HILLSBOROUGH COUNTY, Fla. — The Hillsborough County Tax Collector announced on Tuesday that ground penetrating radar has revealed no graves sit under the Hillsborough Avenue location.
Hillsborough County Tax Collector Doug Belden said there were no underground structures or "anomalies that reflect any graves buried on the site."
Belden said he wanted to take a proactive approach in scanning the area.
"Allocating the time and resources to conduct a thorough investigation into potential graves on the property was an easy decision. It was just the right thing to do, and I'm happy that we are able to provide closure as it relates to this particular property." said Belden.
Belden said the cost of the scanning cost a little more than $14,000 and he has asked for the state to incur half of the expense since they own the land.
Last month, ABC Action News spent days cross-referencing Florida death certificates to the known county records of people buried at the "County Cemetery," also known as the "County Farm."
What we found through genealogy sites and findagrave.com was dozens of names buried at the County Cemetery in the 1930s that are not being accounted for today.
Historians tell ABC Action News that in the 1930s, the county owned a hospital and cemetery in the same vicinity of east Seminole Heights.
The hospital was for poor and needy people, as well as African Americans.
According to Hillsborough County archives, they know at least 839 people are buried at the cemetery now called the Cemetery for All People.
The lost names that are unaccounted for are likely buried somewhere on the 128-acres the county once owned, near the cemetery, an old county hospital and sanatorium.
Ray Reed, of Tampa, has spent years studying erased African American graves across the area.
So far, he has been correct in his claims that bodies are buried under King High School, as well as under a housing complex at Robles Park.
Reed claims thousands are still buried under the land around the cemetery around 22nd Street and Hanna Avenue area. As well as along Hillsborough Avenue, under part of the parking lot of the Hillsborough County Tax Collector’s Office and the post office.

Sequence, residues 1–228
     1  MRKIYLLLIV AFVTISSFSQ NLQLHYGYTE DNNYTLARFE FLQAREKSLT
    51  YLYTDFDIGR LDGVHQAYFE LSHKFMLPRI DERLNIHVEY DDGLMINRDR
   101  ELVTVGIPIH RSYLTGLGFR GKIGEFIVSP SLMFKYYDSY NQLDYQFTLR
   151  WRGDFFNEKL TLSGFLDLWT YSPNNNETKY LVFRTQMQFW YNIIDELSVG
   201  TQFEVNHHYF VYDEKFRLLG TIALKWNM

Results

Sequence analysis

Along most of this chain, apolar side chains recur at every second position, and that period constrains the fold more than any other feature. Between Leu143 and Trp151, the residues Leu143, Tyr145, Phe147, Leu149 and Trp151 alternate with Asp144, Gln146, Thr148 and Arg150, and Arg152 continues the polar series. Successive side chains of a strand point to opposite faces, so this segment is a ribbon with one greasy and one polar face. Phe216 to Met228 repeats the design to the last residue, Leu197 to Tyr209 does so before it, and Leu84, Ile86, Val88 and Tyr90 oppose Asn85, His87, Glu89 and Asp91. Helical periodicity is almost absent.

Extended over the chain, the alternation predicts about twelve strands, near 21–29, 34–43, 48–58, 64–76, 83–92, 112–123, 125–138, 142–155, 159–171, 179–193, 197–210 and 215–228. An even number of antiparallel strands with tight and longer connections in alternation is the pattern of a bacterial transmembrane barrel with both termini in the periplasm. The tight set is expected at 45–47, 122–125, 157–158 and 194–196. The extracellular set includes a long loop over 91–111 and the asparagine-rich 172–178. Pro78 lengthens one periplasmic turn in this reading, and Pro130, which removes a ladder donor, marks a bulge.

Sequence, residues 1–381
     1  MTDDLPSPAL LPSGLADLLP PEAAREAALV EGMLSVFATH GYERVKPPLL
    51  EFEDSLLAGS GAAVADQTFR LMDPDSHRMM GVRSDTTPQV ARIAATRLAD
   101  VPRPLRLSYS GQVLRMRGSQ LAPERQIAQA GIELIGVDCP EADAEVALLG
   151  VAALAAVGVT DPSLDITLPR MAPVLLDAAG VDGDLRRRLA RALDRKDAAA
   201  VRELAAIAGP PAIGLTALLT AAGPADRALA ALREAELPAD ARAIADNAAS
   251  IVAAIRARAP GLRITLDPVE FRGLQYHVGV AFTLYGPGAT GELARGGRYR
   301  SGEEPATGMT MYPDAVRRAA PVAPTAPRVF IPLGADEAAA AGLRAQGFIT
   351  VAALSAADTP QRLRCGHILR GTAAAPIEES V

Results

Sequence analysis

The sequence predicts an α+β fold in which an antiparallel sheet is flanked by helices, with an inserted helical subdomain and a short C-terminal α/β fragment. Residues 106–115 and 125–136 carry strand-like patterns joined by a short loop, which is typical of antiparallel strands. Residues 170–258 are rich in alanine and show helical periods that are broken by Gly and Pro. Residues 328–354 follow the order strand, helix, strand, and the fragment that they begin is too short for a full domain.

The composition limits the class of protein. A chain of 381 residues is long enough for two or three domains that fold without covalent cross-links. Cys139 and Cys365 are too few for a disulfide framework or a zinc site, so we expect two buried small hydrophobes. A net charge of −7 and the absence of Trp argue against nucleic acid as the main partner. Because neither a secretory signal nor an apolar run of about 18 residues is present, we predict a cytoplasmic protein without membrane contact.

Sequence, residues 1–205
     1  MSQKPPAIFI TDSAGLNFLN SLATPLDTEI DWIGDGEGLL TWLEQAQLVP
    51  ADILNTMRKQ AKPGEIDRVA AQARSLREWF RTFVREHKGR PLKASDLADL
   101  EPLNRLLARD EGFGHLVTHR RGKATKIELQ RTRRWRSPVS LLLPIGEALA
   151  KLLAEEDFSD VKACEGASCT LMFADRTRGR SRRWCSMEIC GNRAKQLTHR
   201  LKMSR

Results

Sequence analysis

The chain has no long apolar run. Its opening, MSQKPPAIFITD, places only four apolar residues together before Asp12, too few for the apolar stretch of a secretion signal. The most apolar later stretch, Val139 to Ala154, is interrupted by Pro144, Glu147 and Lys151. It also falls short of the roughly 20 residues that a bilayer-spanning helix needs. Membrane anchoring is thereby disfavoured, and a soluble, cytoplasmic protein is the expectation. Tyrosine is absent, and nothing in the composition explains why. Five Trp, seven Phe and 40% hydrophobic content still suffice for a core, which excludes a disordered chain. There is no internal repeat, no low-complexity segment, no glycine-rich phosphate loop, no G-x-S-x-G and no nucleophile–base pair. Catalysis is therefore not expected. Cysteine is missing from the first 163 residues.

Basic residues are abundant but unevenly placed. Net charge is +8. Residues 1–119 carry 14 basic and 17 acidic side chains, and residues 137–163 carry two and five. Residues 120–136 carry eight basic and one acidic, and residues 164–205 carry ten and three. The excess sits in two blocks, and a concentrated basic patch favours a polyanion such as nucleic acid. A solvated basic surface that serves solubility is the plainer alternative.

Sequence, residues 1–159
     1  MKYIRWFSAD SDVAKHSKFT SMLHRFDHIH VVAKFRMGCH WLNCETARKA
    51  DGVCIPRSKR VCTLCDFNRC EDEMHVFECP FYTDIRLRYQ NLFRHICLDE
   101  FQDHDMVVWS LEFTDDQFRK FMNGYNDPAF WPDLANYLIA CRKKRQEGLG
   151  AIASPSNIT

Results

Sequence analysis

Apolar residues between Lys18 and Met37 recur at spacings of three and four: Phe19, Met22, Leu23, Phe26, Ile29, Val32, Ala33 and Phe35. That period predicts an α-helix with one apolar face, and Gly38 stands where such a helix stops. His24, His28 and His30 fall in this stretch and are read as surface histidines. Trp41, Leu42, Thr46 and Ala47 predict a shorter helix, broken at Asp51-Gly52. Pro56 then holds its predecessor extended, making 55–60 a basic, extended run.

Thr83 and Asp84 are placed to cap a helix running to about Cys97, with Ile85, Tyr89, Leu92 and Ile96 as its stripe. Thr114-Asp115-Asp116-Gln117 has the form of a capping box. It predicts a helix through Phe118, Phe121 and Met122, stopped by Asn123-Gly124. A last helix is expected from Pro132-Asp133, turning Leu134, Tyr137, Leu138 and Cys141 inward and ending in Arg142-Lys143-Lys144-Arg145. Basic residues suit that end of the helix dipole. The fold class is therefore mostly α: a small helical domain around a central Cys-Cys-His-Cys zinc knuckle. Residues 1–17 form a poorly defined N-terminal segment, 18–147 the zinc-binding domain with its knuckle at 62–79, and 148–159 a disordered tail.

However, he has maintained that if he is wrong about the tax collector’s office, then the bodies can’t be far.
In an email to ABC Action News, Reed wrote,
“Because of segregation, whites and non-whites would not have been buried together.”
Through his grave research, Reed found the cemetery for Caucasians was along 22nd Street.
So, that left him to ask where are the bodies of African Americans.
Reed said he has found old county archives that show in October 1950, county leaders made a motion to move “the bodies” from County Highway, which is now Hillsborough Avenue.
Records Reed found show that in November of 1950 the board of leaders “can’t tell who’s where because of poor record keeping - that makes a traditional disinterment impossible, and there is no record of nor local tales of a big dig where someone carted off tons of earth with bone and burial container stick out of it,” he wrote.
Reed also refers to an old photo posted online that could be white crosses on what is now Hillsborough Avenue.
Doug Belden tells ABC Action News that his office hired a ground penetrating radar company last week to begin scanning the parking lot, towards the road.
Belden said results show bodies were not discovered.
The question now, if they aren’t there, where are these names and bodies?
Hillsborough County commissioners will announce in January plans on how to do inventory of current land to see if there were ever cemeteries on their land.